Lawyers for Underwood’s sister say Facebook should not be protected by Section 230.

Facebook said it took down hundreds of accounts and groups connected to the boogaloo movement in the wake of the violence in Oakland and an alleged plot to use explosives at a demonstration in Las Vegas, and designated the boogaloo group a “dangerous organization.” Facebook’s action came about a month after the shooting.

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Rather than simply allow information to be posted on the site, Facebook actively promoted inflammatory content and steered people toward it, the suit alleges.

“The algorithms are weighted to favor untrue, inflammatory, and divisive content that will grab and keep users’ attention,” the lawsuit says. “Furthermore, the recommendations are not based on Facebook user requests for recommendations — they are pushed onto users.”

That ultimately led the killer and his accomplice to meet over the platform, attorneys allege. They point to criminal complaints from the Justice Department that say Carrillo, then an active-duty Air Force staff sergeant, and his accomplice, Robert Alvin Justus Jr., connected through a boogaloo group on Facebook on May 28, 2020. They agreed to meet on May 29 and drive together to the protests, attorneys said.

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“Facebook bears responsibility for the murder of my brother,” Jacobs said in a news release. “Facebook must be held responsible for the harm it has caused not just my family, but so many others, by promoting extremist content and building extremist groups on its platform.” The firm Cohen Milstein Sellers & Toll is representing Jacobs in the wrongful death case.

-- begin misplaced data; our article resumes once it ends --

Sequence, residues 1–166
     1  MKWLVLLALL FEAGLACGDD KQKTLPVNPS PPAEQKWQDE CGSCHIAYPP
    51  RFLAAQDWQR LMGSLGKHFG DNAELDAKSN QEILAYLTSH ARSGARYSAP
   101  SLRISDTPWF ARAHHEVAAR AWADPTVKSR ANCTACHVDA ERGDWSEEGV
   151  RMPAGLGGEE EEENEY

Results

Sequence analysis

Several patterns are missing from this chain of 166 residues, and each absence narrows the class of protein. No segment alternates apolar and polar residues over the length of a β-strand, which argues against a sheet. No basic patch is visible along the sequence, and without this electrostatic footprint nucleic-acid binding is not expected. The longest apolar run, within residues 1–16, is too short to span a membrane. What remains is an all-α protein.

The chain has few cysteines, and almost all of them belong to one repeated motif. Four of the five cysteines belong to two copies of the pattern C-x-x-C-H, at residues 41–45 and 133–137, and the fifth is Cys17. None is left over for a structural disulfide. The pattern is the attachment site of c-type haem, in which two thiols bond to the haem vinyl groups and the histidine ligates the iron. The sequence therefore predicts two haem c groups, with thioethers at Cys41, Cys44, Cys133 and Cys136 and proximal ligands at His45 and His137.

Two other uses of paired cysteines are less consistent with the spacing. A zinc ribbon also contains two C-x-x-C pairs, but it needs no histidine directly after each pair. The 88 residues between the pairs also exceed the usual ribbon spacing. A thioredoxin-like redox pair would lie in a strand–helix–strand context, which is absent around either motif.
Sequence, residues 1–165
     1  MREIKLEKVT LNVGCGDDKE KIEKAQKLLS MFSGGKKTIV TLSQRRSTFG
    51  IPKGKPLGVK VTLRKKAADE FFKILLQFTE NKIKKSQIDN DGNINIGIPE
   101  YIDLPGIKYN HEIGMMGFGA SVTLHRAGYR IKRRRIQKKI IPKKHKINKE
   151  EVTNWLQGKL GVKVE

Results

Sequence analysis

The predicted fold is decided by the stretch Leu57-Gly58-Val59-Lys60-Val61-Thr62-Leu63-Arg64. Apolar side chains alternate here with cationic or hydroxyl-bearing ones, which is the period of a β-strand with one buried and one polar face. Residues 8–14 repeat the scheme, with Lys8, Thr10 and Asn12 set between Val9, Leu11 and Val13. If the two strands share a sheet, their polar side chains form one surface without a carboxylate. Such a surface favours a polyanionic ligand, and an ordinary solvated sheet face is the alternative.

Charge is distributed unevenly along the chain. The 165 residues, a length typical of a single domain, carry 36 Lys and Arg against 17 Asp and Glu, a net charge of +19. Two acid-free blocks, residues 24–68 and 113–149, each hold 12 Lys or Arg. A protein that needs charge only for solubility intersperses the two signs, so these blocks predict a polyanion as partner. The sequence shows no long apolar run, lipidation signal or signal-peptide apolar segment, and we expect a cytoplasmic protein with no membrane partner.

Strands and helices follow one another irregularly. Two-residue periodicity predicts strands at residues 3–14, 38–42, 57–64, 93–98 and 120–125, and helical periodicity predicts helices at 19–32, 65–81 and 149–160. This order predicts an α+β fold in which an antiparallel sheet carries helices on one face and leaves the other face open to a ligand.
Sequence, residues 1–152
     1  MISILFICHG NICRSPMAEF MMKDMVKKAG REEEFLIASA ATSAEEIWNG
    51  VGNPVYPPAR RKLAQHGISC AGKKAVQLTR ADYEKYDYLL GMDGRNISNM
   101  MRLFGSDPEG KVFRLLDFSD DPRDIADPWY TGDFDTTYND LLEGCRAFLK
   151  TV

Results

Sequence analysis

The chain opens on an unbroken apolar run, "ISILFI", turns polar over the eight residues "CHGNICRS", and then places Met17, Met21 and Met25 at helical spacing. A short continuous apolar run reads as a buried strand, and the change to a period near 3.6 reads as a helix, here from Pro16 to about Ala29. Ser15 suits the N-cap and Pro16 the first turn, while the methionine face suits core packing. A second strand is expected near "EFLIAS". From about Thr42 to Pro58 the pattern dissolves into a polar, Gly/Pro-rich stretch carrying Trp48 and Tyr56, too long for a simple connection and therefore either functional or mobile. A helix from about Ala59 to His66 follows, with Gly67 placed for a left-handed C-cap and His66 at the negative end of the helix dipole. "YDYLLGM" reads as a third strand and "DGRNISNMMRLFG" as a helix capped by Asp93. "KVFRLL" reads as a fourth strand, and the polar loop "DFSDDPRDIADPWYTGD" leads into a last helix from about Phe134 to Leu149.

The complaint also alleges that Facebook “helped build” the boogaloo community that ushered in their planning.

Facebook’s argument that it does not bear responsibility for harmful content was undercut by a trove of documents brought forth in October by whistleblower Frances Haugen. The documents showed that Facebook is deeply involved in researching the effects of harmful content and turning the dials of its algorithms to decide how to promote it to over 2.9 billion monthly users.

The boogaloo movement arose from fringe social media channels such as 4chan before moving to mainstream platforms such as Facebook, Instagram and Twitter, where their followings ballooned as their views found a wider audience. Researchers found some groups had at times amassed hundreds of thousands of followers.

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The group’s emergence led to a wider examination of the effects of social media on the rise of violent movements, with some making comparisons to foreign militant groups such as the Islamic State.

Carrillo is also accused in a separate killing of a sheriff’s deputy in Santa Cruz County. His attorney previously cautioned against a “rush to judgment” in the cases.

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Elizabeth Dwoskin contributed to this report.